I am writing this blog post using a desktop app.
For the last year and some, I have been working on a secret project at Automattic. Today this project was released Open Source for the whole world to see.
This has been a fascinating experience; this project has changed a lot of things about the way we work at Automattic. Many of the changes have been technical; this was my first project using Node and React for example. However for me the biggest change is not the technology but the process.
Historically we have had no formal code review process at Automattic; while it did happen it was sporadic, unsystematic, and almost always after the fact.
With this project we approached the process differently. Using GitHub we were able to open pull requests against the codebase in way which made it easy to share code between developers, designers, testers and other team members before it was in production. GitHub’s inteface makes it really easy to comment on specific lines of code and suggest a better approach. We made it a habit to always have at least one other person else give your pull request a “+1” before it was merged. Merging your own pull request is like giving yourself a high five.
This was scary at first; now my code was going to be seen by more people; “what if it’s not very good?”! It was also frustrating. Going from a system where you can make changes to the code instantly, to having to have someone else sign off on it does slow down the pace of development.
In return for this there some real benefits. I learnt a huge amount from the developers, designers and testers who reviewed my code. Often my code had problems; knowing this before I commited the code to the repo was a huge improvement, since now problems could be caught and improvements made.
We all learnt a lot through this process; we learnt how to review the code not review the coder; we learnt that critisism of your code is not critisism of you and should not be taken personally.
The result of this is a codebase of much improved quality, maintainability and consistency. Another benefit is the opportunity I have had to improve my coding skills. By talking to more people about my code, and also reviewing other developers code, I have learnt a lot more about what clean, maintainable code looks like.
With this project the way we worked was different by necessity. While GitHub helped us to collaborate more closly on projects and as a whole, than we had before, at its root the change was a cultural one.
Because we are encouraged to review code in areas that we have not worked on, this has lead to a more wholistic approach to solving problems. The work that went into major decisions like defining navigation and information architechture was always a cross-team effort.
This increase in cross team communication has improved has made us much more closely aligned in our vision of the product. I believe this is evident in the consistency you see throughout the new WordPress.com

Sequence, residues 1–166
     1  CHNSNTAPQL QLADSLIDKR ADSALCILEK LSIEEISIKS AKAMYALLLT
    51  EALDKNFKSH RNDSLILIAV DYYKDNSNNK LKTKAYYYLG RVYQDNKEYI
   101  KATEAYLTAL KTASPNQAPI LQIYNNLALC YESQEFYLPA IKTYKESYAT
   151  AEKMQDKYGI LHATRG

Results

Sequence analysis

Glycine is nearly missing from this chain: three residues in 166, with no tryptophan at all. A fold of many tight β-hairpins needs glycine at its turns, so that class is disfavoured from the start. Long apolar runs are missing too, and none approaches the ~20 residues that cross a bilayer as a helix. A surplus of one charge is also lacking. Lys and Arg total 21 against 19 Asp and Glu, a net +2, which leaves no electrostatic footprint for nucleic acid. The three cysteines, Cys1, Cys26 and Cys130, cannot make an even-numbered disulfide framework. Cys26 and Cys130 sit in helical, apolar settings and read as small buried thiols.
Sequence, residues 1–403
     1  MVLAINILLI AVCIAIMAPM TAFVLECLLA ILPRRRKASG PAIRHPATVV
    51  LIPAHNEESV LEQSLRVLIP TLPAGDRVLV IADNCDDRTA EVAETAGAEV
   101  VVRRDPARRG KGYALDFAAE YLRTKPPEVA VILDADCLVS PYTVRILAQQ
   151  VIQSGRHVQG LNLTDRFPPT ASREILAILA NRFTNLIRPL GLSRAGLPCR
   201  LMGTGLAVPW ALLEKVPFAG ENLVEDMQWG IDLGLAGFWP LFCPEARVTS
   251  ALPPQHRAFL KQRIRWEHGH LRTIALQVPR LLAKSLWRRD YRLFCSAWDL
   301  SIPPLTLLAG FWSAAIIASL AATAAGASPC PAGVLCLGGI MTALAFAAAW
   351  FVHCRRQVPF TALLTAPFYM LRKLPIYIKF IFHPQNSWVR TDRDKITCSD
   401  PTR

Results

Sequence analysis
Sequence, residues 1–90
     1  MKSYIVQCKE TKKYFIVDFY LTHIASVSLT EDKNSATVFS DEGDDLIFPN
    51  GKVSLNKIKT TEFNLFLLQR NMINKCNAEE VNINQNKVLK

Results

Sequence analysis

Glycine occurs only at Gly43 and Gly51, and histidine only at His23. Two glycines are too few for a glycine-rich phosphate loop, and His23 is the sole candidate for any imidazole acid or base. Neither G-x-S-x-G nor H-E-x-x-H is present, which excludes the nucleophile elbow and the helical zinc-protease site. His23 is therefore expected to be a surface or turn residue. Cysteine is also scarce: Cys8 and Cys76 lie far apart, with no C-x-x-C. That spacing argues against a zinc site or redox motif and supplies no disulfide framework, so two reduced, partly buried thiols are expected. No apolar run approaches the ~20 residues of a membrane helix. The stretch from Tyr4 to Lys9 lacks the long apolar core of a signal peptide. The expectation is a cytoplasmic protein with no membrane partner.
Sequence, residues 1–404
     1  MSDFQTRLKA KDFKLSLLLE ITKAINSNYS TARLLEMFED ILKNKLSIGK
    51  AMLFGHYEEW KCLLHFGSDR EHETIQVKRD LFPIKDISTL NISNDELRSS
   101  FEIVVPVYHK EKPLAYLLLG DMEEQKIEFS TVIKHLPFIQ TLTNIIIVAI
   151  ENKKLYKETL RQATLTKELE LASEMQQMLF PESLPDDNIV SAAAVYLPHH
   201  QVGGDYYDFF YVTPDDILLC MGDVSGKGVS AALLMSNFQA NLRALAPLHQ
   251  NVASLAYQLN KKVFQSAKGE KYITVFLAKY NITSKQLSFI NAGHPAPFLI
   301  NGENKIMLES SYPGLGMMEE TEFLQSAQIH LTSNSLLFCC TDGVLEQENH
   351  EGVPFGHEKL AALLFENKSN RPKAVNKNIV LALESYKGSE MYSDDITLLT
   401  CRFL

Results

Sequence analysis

My experience at Automattic up to this point was generally one of working on a project on my own, up to the point where it was ready to be launched internally. This was partly a cultural thing, parly due to smaller sized teams and partly because collaboration was harder given the tools at our disposal.
I went from working on my own on a feature, to working closely with a group of 2/3 developers, and more broadly with all of the developers working on this new project.
By working on a feature with a team there is a lot more opportunity for us to use our respective skills to improve feature. A good team is more than the sum of its parts; as each member contributes in their specialty.
Having people who specialise in each of these areas to focus on these aspects of the product at the same time, and while the code was being actively worked on shortened the feedback loop in the development cycle, meaning that issues were caught early. Thus false assumptions were picked up before they became entrenched in code, and inconsistencies were ironed out before they became too difficult to change.
By increasing the level of communication around all of the decisions that go into building a project like this, whether its user experience, coding standards or business requirements, the result is that each of these areas receieves the attention it deserves at the point when the feedback is most useful.
Practically speaking this means that whereas before I would have probably committed code with a sub-par user experience, bad architectural designs, poor syntax, or (and!) sloppy designs, now the collaboration between the different members of the team lead to a product that is improved in all of these areas.
I have found this feedback to be really valuable, both in helping me to understand the things I need to work on to improve as a developer, and in reassuring me that I am making a valuable contribution to the project. As someone who loves making things this is very useful.
All of this communication also helps create a team who have a more closely aligned vision of what they are trying to build together and are pulling in the same direction
The latest change in the way that we work has been to make the project Open Source. This has meant making some changes to the way we work. We have to be careful not to share any private or personal information in our public repo, and have to consider how developers outside Automattic understand our code and issues.
This is a change we are still working out; I am interested to see what changes it brings to the way we work.
Download the Mac desktop app
Learn about Calypso from the developer’s point of view
See the user announcement on WordPress.com
Browse the GitHub repository
Hear about the backstory from Calypso’s lead, Andy Peatling
Matt Mullenweg’s announcement